Y2K's Arrival

Y2K's Arrival

By Beth Ann Piehl - Staff Writer
December 12, 1999

John A. Campau’s 4,000 customers – banks, jewelry stores, and private homeowners are counting on him for their safety come midnight New Year’s Eve.

The Comtronics Alarm Center
Citizen Patriot · Marcia Butterfield

Campau isn’t a cop or a doctor; he’s president of Comtronics in Jackson, a 24-hour security alarm monitoring company. After investing thousands of dollars, he’s confident the so-called “Y2K” computer bug won’t affect his monitoring systems, or customers’ security set-ups.

But he and nine other staffers will keep watch at the office when the clock hits 12:01 a.m. January 1 – just to be safe.

“We’ve been preparing for this for two years,” Campau said. “We’ve spent $150,000 and upgraded all of our computers and software. All of our computers are Y2K compliant. As you can imagine, with 4,000 customers, we’ve been planning.”

The Comtronics staff working New Year’s Eve won’t be the only ones at their desks instead of on the dance floor. Thousands of companies will have extra staff on hand to monitor problems that may occur because of the potential computer glitch Y2K.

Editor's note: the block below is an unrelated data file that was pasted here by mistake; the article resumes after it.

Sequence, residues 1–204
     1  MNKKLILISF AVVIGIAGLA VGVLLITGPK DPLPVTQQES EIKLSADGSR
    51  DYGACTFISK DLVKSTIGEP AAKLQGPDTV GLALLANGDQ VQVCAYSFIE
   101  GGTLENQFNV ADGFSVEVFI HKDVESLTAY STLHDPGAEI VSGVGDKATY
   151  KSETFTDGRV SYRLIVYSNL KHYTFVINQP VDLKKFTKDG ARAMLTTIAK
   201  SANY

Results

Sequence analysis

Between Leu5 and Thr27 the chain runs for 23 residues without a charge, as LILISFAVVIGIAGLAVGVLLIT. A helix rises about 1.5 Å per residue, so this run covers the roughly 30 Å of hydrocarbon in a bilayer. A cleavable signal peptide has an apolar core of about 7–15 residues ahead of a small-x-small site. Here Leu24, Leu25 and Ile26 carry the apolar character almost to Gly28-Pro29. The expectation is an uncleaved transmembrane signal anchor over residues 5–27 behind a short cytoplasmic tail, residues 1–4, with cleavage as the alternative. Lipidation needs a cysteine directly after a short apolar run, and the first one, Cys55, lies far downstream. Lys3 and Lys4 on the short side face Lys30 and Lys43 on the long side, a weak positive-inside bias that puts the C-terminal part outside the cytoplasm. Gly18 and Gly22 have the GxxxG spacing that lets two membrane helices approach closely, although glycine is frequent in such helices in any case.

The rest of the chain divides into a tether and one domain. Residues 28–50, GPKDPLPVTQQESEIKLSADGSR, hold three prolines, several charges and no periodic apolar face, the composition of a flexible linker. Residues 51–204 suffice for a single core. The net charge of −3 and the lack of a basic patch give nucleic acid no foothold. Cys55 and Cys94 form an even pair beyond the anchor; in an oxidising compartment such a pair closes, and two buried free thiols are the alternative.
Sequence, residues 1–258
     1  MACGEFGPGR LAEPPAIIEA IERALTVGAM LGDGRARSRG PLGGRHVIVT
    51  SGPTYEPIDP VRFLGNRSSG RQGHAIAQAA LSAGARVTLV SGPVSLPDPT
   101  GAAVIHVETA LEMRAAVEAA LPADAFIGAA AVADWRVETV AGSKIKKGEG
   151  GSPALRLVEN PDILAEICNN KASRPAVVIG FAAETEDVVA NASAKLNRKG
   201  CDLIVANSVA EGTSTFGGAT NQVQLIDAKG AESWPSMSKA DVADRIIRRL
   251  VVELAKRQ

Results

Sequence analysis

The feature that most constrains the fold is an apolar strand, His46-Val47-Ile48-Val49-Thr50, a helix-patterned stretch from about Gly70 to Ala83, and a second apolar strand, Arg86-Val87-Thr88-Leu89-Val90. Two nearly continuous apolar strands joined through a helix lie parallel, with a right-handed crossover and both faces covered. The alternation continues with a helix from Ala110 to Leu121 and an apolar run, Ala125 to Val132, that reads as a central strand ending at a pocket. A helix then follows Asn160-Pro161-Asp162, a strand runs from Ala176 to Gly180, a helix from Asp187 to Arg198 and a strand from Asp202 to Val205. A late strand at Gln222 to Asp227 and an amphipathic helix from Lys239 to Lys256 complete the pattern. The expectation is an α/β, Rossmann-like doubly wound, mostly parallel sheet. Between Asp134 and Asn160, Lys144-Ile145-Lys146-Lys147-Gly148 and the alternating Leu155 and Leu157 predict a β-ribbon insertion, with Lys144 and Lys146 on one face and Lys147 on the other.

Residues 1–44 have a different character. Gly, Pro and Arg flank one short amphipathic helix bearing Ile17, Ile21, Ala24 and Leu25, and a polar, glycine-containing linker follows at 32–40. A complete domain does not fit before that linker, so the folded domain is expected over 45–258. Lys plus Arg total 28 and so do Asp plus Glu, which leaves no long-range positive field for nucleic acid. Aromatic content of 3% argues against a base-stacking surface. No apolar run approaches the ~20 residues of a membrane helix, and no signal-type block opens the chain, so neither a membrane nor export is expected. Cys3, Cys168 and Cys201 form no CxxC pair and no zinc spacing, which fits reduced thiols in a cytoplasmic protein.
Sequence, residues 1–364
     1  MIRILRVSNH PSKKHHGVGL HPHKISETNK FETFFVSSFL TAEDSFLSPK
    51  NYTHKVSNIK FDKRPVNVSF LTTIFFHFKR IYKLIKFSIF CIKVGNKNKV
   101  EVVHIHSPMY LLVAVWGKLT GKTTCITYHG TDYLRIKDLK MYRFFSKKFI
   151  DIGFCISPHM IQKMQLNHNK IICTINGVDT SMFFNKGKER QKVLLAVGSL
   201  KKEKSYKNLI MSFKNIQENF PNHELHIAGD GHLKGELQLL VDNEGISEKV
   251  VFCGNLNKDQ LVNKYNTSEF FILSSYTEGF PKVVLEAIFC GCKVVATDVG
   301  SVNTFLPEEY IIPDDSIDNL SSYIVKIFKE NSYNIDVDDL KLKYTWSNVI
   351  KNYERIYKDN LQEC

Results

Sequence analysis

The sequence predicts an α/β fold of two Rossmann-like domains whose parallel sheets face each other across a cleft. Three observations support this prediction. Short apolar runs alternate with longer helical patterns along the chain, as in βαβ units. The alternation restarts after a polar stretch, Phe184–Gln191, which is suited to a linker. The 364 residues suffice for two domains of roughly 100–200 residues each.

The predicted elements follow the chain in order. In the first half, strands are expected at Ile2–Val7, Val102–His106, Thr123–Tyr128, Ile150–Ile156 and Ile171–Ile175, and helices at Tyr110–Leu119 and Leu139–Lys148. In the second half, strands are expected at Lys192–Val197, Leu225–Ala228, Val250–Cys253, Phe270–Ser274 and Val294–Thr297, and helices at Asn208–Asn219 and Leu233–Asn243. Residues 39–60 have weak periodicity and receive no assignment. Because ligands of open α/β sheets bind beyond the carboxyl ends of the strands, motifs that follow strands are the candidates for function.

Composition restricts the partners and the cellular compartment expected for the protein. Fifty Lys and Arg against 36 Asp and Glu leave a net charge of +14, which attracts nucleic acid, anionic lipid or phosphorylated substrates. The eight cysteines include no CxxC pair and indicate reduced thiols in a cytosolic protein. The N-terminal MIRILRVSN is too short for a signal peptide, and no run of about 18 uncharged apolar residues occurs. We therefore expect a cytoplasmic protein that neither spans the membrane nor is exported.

The concern is that computers may not recognize the “00” in 2000 when their internal clocks click to midnight, January 1, identifying the year instead as 1900 and throwing programs into chaos. Some fear government, banks, utilities and businesses will shut down.

Comtronics Alarm Center is open 24 hours a day, seven days a week, and serves 4,000 customers in five states.

Since computers run practically everything these days, utility workers will be on the clock in case water, sewer, electric or gas systems go down. Police and firefighters, doctors and nurses, reporters and bankerss, managers and company presidents will all be working at least through midnight.

Consumers Energy will increase its usual statewide New Year’s Eve crew from 500 to 2,000, involving everyone from supervisors to technicians, according to Charles MacInnis, head of information services in Jackson. Dozens more of the company’s 9,000 employees will be on call.

“We will have operating employees at substations around the state,” MacInnis said. “They can respond in the event something unforseen crops up.”

After numerous tests since Consumers first began preparing for Y2K in 1995, MacInnis said the company expects no disruption in the flow of gas and electricity.

“We are anticipating an uneventful evening,” he said.

Consumers always has staff working New Year’s Eve because of potential weather-related outages. This year, the company is hoping people won’t panic if nasty winter conditions cause outages and blame it on Y2K.

“Our focus is going to be on rapid communication with the media throughout the evening,” he said. He’s working through the night with 12 other news and information staffers to keep the media informed of events. “I think a lot of people have been interested in this issue,” MacInnis said.

Reprinted with permission from The Jackson Citizen Patriot
Copyright December 1999

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